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Mission Impossible
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Product Description

A flashy, splashy summer-movie blockbuster that's fun and exciting without being mindless? That's the impossible mission accomplished by director Brian De Palma, star-coproducer Tom Cruise, and the crack team of Mission: Impossible. Based on the '60s TV show and an almost impenetrably complex (but nonetheless thrilling) original story by David Koepp (Jurassic Park) and Steven Zaillian (Schindler's List), with a screenplay by Koepp and Robert Towne (Chinatown, Shampoo), Mission: Impossible begins with veteran agent Jim Phelps (Jon Voight) and his expert crew embarking on a mission that goes horribly, horribly wrong. But nothing is what it seems. The nail-biting set piece--always a signature of director De Palma (Carrie, The Untouchables)--in which Cruise is lowered from the ceiling to retrieve information from a computer in a high-security vault--is an instant classic. But perhaps even more impressive, at least in retrospect, is a flashback sequence in which two characters attempt to reconstruct a series of events from multiple points of view. It's pretty daring and sophisticated stuff for a big-budget spy movie, but brains were always what put the Mission: Impossible team ahead of the competition, anyway, no? --Jim Emerson

A flashy, splashy summer-movie blockbuster that's fun and exciting without being mindless? That's the impossible mission accomplished by director Brian De Palma, star-coproducer Tom Cruise, and the crack team of Mission: Impossible. Based on the '60s TV show and an almost impenetrably complex (but nonetheless thrilling) original story by David Koepp (Jurassic Park) and Steven Zaillian (Schindler's List), with a screenplay by Koepp and Robert Towne (Chinatown, Shampoo), Mission: Impossible begins with veteran agent Jim Phelps (Jon Voight) and his expert crew embarking on a mission that goes horribly, horribly wrong. But nothing is what it seems. The nail-biting set piece--always a signature of director De Palma (Carrie, The Untouchables)--in which Cruise is lowered from the ceiling to retrieve information from a computer in a high-security vault--is an instant classic. But perhaps even more impressive, at least in retrospect, is a flashback sequence in which two characters attempt to reconstruct a series of events from multiple points of view. It's pretty daring and sophisticated stuff for a big-budget spy movie, but brains were always what put the Mission: Impossible team ahead of the competition, anyway, no? --Jim Emerson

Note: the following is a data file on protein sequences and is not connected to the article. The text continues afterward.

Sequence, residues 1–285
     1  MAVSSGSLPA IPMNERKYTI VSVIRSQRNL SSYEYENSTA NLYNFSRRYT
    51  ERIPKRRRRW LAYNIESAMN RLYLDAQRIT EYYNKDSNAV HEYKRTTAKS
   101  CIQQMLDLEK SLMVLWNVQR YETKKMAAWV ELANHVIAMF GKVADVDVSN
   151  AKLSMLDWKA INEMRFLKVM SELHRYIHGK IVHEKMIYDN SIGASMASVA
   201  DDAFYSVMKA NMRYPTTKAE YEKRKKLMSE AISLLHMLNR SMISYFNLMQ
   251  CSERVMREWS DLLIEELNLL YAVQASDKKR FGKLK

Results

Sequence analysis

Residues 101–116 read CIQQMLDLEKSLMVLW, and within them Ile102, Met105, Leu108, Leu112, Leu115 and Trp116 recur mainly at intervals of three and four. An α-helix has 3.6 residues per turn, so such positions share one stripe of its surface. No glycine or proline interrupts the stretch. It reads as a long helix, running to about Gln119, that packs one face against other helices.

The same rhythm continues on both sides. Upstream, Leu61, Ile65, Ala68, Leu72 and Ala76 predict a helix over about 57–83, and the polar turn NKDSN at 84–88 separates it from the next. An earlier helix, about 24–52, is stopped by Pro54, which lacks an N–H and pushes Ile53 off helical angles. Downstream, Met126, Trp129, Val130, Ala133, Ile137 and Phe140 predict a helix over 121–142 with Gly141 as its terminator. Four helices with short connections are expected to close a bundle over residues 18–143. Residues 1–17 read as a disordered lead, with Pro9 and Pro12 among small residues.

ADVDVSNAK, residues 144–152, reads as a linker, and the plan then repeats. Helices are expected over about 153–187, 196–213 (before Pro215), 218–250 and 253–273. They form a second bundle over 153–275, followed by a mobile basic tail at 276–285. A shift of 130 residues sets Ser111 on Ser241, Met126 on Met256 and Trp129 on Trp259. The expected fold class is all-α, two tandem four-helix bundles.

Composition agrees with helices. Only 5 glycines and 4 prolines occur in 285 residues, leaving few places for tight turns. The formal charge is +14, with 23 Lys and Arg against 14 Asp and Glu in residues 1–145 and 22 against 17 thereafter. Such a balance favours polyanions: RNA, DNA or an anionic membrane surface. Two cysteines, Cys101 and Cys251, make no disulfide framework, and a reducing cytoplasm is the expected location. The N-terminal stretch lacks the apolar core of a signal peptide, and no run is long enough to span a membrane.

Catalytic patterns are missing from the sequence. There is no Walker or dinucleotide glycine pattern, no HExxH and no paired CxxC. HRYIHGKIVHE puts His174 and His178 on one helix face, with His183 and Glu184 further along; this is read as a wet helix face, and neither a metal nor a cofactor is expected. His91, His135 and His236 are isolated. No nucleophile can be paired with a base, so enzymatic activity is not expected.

Customer Reviews:

  • Movie: 4/5 Picture Quality: 2.75/5 Sound Quality: 3.25/5 Extras: 3.5/5
    Version: U.S.A / Region Free
    Aspect ratio: 2.35:1
    MPEG-2 BD-25
    Running time: 1:50:12
    Movie size: 19,73 GB
    Disc size: 23,17 GB
    Average video bit rate: 20.63 Mbps
    DD AC3 5.1 640Kbps English / French / Spanish
    Subtitles: English SDH, English, French, Spanish

    #Mission: Remarkable
    #Explosive Exploits
    #Spies Among Us
    #Catching The Train
    #International Spy Museum
    #Agent Dossiers
    #Excellence In Film - Cruise
    #Generation - Cruise
    #Photo Gallery.
    #Teasers and Trailers: In HD...more info
  • Movie: 4/5 Picture Quality: 2.75/5 Sound Quality: 3.25/5 Extras: 3.5/5
    Version: U.S.A / Region Free
    Aspect ratio: 2.35:1
    MPEG-2 BD-25
    Running time: 1:50:12
    Movie size: 19,73 GB
    Disc size: 23,17 GB
    Average video bit rate: 20.63 Mbps
    DD AC3 5.1 640Kbps English / French / Spanish
    Subtitles: English SDH, English, French, Spanish

    #Mission: Remarkable
    #Explosive Exploits
    #Spies Among Us
    #Catching The Train
    #International Spy Museum
    #Agent Dossiers
    #Excellence In Film - Cruise
    #Generation - Cruise
    #Photo Gallery.
    #Teasers and Trailers: In HD...more info
  • why all the bad review?
    Mission: Impossible is one of the rare-good spy movies out there. In almost every way, it surpasses M:I-2 in terms of story, suspense, and acting. This movie proves a spy movie doesn't need a lot of action to be good.